Recently on a long cross country, when I was given a frequency change and I switched to the new frequency, I overheard the tail end of what sounded like an instrument training flight asking for some practice approaches:
ATC: “Trainer 999, say approach request.”
Trainer 999: “Oh, we’re gonna let you have the fun. You pick the approaches.”
Without skipping a beat, the controller responded dryly, “Trainer 999, expect the VOR Runway xx approach…”
We were thinking that in this age of GPS everything, an assigned VOR approach could be quite challenging.
Flying to Teterboro Airport from the southwest we overheard an exchange between New York Approach and a Citation Jet.
Approach: “Citation 123 say airspeed.”
Citation 123: “Two Zero Zero.”
Approach: “Can you go any faster?”
Citation 123: “Negative.”
Approach: “Is it because of the Bravo?”
Citation 123: “Affirmative.”
Approach: “We don’t do that here, go 250.”
I was flying along, monitoring CTAFs and heard the following:
“Penn Ridge, Penn Ridge, use caution. Use caution. Multiple parachutes in the air near Penn Ridge. Use caution.”
Immediately thereafter, “Skydiving in progress over Brookhaven. Bombs Away!”
Followed by, “Cross Keys, Yay Hooray. Skydiving All Day. Please Stay Away!”
Then, me to New York Approach: “Are they dropping bodies over Gardner?”
Approach: “Huh? Say again.”
Approach obviously hadn’t been privy to any of the prior radio calls!
Piermont, New York
My wife and I were flying from Shreveport, Louisiana, to Missoula, Montana, in late spring. We were at FL240-260 in a JetProp. The weather was mostly clear but turbulent—choppy to light. We usually leave at dawn in an attempt (unsuccessful this day) to avoid this.
My wife, Dianne, is an enthusiastic workout “fanatic.” She wears an Apple Watch daily. Counts steps walking and during other daily endeavors. When we landed in Missoula she said, “Look at this. I’ve done 3200 steps and haven’t lifted a finger except to turn pages in my book!”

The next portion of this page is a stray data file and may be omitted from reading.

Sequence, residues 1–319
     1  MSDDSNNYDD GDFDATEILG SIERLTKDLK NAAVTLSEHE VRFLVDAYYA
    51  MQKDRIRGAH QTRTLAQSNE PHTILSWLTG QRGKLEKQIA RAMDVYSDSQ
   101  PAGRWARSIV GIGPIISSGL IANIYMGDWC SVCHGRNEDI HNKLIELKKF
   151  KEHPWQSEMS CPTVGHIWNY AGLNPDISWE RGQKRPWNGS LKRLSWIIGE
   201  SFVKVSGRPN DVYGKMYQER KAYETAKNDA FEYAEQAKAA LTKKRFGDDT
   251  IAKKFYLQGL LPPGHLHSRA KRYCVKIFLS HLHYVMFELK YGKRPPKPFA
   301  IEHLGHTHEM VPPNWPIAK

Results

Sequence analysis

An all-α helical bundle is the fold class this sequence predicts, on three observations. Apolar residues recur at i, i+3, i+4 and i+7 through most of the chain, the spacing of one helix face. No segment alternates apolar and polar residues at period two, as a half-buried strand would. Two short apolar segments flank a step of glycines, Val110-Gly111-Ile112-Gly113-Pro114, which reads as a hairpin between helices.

Guess turbulence does have some “benefits.”
We’ve had this occur on several trips, especially in the mountainous west.
While en route to KFPR (Fort Pierce/Treasure Coast), located just three miles from the beach, I received the following clearance when six miles NE, over the ocean. Two of us were on board as we approached the ocean shoreline from the northeast. We both had the same “interpretation” and reaction to the tower clearance—looking for traffic!
Treasure Coast Tower: “Arrow 316 enter right downwind for RWY 10R, follow the beach.”
Arrow 316: “Enter right downwind RWY 10R, follow the Beech—traffic not in sight!”
Treasure Coast Tower: “Arrow 316 follow the beach shoreline then enter right downwind RWY 10R.”
Arrow 316: “Ocean shoreline then right downwind for RWY 10R.”
I heard the following on CTAF at Ruby airport in Ruby, Alaska:
Aircraft 1: “Ruby traffic this here is Jackson and I’m gonna land.”
Another plane on the ground taxing for take-off called, “Ahh Jackson, what’s your location?”
Aircraft 1: “I am at this little bitty pond that looks like a duck!”
Aircraft on the ground: “Ahh Jackson, can you be more specific?”
Aircraft 1: “Daffy Duck.”
Only in Alaska, I guess.